Friday, February 8, 2013

I wrote a post last year...

...after Gov. Scott Walker of Wisconsin survived his recall election. The gist of it was, it's a consolation prize at best:

...the Republicans and Democrats in the Dairy State are essentially fighting over a dead body. The economy in Wisconsin, if it ever was anything special, has long been lost to history ... Stuck between prosperous Minneapolis and Chicago, Wisconsin is resembling -- more and more -- Indiana.

Today, I came across a piece comparing the economy of Wisconsin with its neighbor's to the west (my emphasis):

Minnesota’s per capita income is higher than Wisconsin’s in both pre-tax and after-tax terms.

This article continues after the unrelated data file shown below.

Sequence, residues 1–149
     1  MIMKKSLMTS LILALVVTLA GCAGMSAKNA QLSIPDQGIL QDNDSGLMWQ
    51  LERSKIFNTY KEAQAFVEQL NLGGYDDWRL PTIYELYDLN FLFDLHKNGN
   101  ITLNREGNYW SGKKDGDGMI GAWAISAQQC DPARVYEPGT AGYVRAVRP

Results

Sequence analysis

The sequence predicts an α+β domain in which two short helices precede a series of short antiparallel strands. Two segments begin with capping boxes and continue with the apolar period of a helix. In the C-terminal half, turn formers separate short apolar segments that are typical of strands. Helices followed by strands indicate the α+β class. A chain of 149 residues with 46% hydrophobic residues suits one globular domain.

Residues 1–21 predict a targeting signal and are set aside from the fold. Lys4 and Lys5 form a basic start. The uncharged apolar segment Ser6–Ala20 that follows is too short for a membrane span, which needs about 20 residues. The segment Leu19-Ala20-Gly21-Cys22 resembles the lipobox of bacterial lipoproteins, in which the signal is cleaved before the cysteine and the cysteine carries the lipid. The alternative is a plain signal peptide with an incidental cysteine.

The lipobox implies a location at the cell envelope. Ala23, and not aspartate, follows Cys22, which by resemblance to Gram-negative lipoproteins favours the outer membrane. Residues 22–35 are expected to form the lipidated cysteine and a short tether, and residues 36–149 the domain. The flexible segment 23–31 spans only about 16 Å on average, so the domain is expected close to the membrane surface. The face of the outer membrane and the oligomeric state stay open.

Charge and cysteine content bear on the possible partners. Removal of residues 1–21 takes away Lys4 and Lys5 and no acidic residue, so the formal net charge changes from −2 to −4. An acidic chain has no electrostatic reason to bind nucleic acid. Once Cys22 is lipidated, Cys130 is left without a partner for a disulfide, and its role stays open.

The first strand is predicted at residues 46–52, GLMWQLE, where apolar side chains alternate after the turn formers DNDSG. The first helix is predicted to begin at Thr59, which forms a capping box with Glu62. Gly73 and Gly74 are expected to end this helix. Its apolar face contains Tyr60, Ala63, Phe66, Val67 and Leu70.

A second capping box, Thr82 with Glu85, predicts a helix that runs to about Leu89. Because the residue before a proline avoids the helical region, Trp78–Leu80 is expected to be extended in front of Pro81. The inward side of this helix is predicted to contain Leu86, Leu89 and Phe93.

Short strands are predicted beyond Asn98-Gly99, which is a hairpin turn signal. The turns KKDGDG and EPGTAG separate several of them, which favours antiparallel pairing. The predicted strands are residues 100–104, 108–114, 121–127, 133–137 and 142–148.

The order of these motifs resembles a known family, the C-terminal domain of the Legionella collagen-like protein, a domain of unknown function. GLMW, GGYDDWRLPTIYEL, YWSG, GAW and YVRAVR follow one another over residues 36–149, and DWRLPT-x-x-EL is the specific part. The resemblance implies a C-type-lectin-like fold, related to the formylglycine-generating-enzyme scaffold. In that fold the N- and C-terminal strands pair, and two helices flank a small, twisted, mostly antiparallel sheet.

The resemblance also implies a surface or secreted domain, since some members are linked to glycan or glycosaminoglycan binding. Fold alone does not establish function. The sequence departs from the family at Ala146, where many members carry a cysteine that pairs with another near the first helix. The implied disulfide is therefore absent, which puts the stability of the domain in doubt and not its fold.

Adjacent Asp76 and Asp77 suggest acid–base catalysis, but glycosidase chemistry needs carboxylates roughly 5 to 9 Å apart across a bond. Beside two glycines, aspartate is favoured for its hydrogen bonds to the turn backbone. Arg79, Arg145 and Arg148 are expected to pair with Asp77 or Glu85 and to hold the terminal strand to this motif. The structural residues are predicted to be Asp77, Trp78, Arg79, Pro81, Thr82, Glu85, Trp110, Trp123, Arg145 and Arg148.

In terms of jobs, Minnesota’s unemployment rate is lower than Wisconsin’s and its rate of job growth is higher.

Wisconsin’s per capita income relative to the national average has, in the best light, stagnated since the 1950s. Minnesota passed Wisconsin in the late 1960s and the gap has grown every year since then.

The bottom line: Minnesota’s economy fared better than Wisconsin’s during the most recent recession and recovery. Further, average incomes for Minnesotans have been higher than Wisconsinites since the late 1960s, even accounting for tax differences.

These data imply that companies that want to avail themselves of a deeper pool of unemployed workers whom they can pay lower wages would do well in Wisconsin. Perhaps setting up a subsidiary in Wisconsin (to take advantage of lower labor costs) and keeping the high-skill, high-income headquarters in Minnesota is the way to go for those businesses.

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